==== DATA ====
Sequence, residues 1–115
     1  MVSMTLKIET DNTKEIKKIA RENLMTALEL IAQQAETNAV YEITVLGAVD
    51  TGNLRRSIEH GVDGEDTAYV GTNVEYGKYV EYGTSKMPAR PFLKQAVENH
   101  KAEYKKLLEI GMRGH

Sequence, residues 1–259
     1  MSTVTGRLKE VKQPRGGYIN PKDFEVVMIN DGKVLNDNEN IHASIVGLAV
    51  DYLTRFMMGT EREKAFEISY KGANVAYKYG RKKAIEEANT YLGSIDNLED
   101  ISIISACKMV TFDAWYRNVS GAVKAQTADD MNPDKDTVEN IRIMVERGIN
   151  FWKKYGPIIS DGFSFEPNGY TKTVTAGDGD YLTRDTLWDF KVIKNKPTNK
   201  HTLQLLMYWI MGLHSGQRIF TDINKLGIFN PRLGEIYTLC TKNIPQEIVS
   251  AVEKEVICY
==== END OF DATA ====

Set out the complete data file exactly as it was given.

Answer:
Sequence, residues 1–115
     1  MVSMTLKIET DNTKEIKKIA RENLMTALEL IAQQAETNAV YEITVLGAVD
    51  TGNLRRSIEH GVDGEDTAYV GTNVEYGKYV EYGTSKMPAR PFLKQAVENH
   101  KAEYKKLLEI GMRGH

Sequence, residues 1–259
     1  MSTVTGRLKE VKQPRGGYIN PKDFEVVMIN DGKVLNDNEN IHASIVGLAV
    51  DYLTRFMMGT EREKAFEISY KGANVAYKYG RKKAIEEANT YLGSIDNLED
   101  ISIISACKMV TFDAWYRNVS GAVKAQTADD MNPDKDTVEN IRIMVERGIN
   151  FWKKYGPIIS DGFSFEPNGY TKTVTAGDGD YLTRDTLWDF KVIKNKPTNK
   201  HTLQLLMYWI MGLHSGQRIF TDINKLGIFN PRLGEIYTLC TKNIPQEIVS
   251  AVEKEVICY